Stanhopeas bear incredible flowers with intricate and complex structures and mechanisms for pollination, from channeled "walkways" for insects, to buckets of a watery solution. Most have inflorescences that grow downward, so the plants must be potted in hanging baskets or similar containers. Flowers may be spicily fragrant, and although the flowers are short-lived, each plant may produce many inflorescences throughout the year.
Stanhopea and Relatives
Related genera, Paphinia and Peristeria, grow cooler and warmer, respectively, than others in this group, and produce upright inflorescences.
LIGHT should be bright, with direct sunlight diffused so as not to burn the leaves. Most growers suspend these orchids due to their pendulous inflorescences. This also brings the plants closer to the light. Light levels approximating those for cattleyas, or 3,000 foot-candles, are best.
TEMPERATURES for these orchids should be moderate: 52 to 60 degrees F at night, with day temperatures 68 to 75 degrees F in the winter. Plants can stand short spells of higher temperatures, but air movement, humidity and shading must all be increased. Cool night temperatures seem to promote flowering. Many species flower in the summer, and putting them outside in the summer may be ideal.
WATER in ample quantities is important to produce strong pseudobulbs and healthy flowers. Most growers pot in an open medium and water frequently, especially when warm. Dry roots lead to leaf-tip dieback, or a browning of the leaf tip. Watering frequency can be reduced in the winter months, but these plants should never dry out completely.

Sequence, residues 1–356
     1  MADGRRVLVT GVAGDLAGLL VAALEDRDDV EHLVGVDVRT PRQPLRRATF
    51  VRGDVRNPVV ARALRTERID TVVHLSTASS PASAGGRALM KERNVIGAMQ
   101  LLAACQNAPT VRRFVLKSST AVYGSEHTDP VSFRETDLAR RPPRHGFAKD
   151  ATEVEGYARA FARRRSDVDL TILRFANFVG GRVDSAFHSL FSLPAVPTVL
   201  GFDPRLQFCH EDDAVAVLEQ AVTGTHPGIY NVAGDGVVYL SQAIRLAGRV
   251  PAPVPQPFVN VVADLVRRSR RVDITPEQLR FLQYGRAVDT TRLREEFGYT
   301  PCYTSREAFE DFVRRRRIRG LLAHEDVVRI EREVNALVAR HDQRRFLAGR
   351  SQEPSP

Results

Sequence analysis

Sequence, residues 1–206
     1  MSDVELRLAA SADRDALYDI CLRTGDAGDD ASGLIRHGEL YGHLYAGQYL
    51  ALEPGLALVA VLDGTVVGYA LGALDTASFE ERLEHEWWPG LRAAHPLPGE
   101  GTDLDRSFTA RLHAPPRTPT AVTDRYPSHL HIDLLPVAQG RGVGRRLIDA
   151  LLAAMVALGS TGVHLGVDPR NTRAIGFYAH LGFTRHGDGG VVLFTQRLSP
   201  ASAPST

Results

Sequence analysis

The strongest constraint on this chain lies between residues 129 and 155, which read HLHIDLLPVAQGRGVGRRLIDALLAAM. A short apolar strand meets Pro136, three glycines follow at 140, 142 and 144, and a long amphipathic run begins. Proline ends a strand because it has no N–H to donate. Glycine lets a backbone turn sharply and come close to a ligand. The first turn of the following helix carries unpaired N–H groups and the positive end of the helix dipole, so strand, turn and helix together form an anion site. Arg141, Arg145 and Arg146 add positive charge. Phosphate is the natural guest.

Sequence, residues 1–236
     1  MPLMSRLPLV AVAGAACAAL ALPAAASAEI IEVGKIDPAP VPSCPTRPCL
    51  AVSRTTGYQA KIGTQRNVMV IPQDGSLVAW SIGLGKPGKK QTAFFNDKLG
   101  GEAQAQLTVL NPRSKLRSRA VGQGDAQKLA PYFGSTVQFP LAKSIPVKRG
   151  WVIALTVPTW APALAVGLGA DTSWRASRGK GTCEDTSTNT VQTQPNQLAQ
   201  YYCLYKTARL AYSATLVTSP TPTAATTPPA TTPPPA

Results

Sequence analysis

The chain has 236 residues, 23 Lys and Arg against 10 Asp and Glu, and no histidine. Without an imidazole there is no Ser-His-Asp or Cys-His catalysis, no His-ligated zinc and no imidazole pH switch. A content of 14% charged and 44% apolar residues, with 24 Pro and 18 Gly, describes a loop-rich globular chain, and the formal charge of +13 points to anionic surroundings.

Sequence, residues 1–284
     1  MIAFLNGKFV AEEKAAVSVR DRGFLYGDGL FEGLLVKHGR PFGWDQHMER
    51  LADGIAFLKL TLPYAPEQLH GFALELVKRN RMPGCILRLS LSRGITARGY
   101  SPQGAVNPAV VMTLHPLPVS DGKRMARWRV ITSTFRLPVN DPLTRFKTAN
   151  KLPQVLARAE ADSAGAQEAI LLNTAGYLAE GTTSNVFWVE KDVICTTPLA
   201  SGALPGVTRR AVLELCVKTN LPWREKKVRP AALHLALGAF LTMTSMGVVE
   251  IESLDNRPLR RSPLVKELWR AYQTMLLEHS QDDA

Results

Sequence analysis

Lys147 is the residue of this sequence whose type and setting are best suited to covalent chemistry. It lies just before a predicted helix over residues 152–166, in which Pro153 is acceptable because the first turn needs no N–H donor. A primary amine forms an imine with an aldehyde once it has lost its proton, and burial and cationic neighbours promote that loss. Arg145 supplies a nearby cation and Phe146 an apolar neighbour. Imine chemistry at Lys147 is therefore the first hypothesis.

HUMIDITY should be kept at 40% to 75%, and at high levels especially when temperatures are high. Frequent misting reduces the chance of mite and insect infection; at the same time, strong air movement must be provided to prevent spotting of the foliage.
FERTILIZER should be applied at regular intervals. Most growers fertilize with a diluted concentration every week to two weeks. For plants in bark, use a 30-10-10 high nitrogen formulation, alternating with a 20-20-20 balanced formulation; in the blooming season, which is mainly summer, use a 10-30-20 bloom booster formulation. Plants grown in osmunda need fertilization only infrequently.
POTTING is best right after summer bloom, as most plants seem to grow year-round. Plants that rest in the winter may be repotted in the spring. The best flowerings come from large clumps of plants, so large baskets are usually used. An airy, yet moist medium seems to work best, such as medium-grade fir bark (often mixed with sphagnum peat) or osmunda fiber. Baskets are most often lined with moss before plants are placed in the medium; this allows the pendulous inflorescences to grow through the bottom of the basket. Pre-moisten the potting medium so that the roots do not dry severely after repotting. Vigorous plants may need repotting every three years.